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Physicist receives DOE grant for work on particle experiment


Amir Farbin, an assistant professor of physics, has received an Early Career Research Award from the Department of Energy. The award was announced January 14. The five-year grant, in the amount of $750,000, will largely support Farbin's work on ATLAS, a particle physics experiment using the Large Hadron Collider (LHC) at the European Organization for Nuclear Research (CERN) in Geneva, Switzerland. Following the five-year grant, Farbin will be added to his group's annual base grant of at least $150,000.

ATLAS has been called the world's largest scientific experiment. The project seeks new discoveries through the head-on collisions of protons of extraordinarily high energy using the LHC, the world's largest particle accelerator. ATLAS scientists hope to learn such things as the origin of mass, extra dimensions of space, unification of fundamental forces, and evidence for dark matter candidates in the universe. There are over 2,000 scientists and researchers involved in the ATLAS project.

Farbin will be the sole principal investigator for the grant, but his collaborators will include other members of UT Arlington's High Energy Physics group, as well as Farbin's postdoctoral and undergraduate students. "Since this grant essentially funds me for the rest of my career, it allows me to shift my focus from looking for funding to research," Farbin said. "Obviously I'm very happy to be able to make this transition, and the implications for my job security allow me to feel more secure."

Farbin came to UT Arlington after visiting and being impressed with its High Energy Physics group. He also knew and had previously collaborated with Dr. Kaushik De, a UT Arlington physics professor and HEP group member.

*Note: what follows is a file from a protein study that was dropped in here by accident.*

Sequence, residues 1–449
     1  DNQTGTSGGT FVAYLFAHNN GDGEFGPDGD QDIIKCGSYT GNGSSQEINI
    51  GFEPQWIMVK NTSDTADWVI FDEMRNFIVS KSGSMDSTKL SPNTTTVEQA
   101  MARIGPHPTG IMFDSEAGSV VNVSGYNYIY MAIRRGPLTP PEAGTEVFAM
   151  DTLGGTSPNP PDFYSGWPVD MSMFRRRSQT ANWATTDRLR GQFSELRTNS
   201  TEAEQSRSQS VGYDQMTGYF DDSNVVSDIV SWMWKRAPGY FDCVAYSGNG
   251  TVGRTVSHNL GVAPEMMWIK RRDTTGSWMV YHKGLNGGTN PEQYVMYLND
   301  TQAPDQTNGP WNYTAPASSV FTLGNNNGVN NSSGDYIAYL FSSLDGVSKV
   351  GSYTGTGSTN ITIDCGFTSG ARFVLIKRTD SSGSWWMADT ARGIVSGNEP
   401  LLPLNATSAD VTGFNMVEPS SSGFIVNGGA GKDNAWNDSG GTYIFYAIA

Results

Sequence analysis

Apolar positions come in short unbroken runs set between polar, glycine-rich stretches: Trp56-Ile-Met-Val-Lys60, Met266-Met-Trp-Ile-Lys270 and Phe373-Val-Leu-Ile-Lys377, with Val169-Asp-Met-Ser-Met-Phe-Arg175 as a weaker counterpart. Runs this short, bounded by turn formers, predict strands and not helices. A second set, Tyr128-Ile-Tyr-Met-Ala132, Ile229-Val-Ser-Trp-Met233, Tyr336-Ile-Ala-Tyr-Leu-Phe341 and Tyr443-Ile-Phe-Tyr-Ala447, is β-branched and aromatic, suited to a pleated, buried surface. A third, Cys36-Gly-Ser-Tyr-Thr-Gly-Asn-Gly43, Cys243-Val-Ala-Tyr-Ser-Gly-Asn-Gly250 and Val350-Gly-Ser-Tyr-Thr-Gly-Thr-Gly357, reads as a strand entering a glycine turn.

"I was pleasantly surprised by the supporting nature of the HEP group," he said. "I felt that they wanted me to succeed and would help me. They say joining the faculty of a university is like a marriage, and I felt most comfortable with the UTA group. I find everyone very supportive and I like the dynamic within the department."

Farbin Farbin is excited by the opportunities presented by the career grant.

"There are several ideas in my proposal which I feel are completely new and hopefully will have a lasting impact on our field," Farbin said. "It is nice to have my ideas understood and appreciated. I hope that I will be able build some good collaborations with like-minded physicists."

The Department of Energy's new Early Career Research Program is designed to improve the U.S. scientific workforce by providing support to exceptional researchers during the crucial early years of their careers, when many scientists do their most formative work. Sixty-nine awardees were selected from a pool of 1,750 university- and national laboratory-based applicants. Selection was based on peer review by outside scientific experts.

This report contains material from the ATLAS website. For more on the project, go to: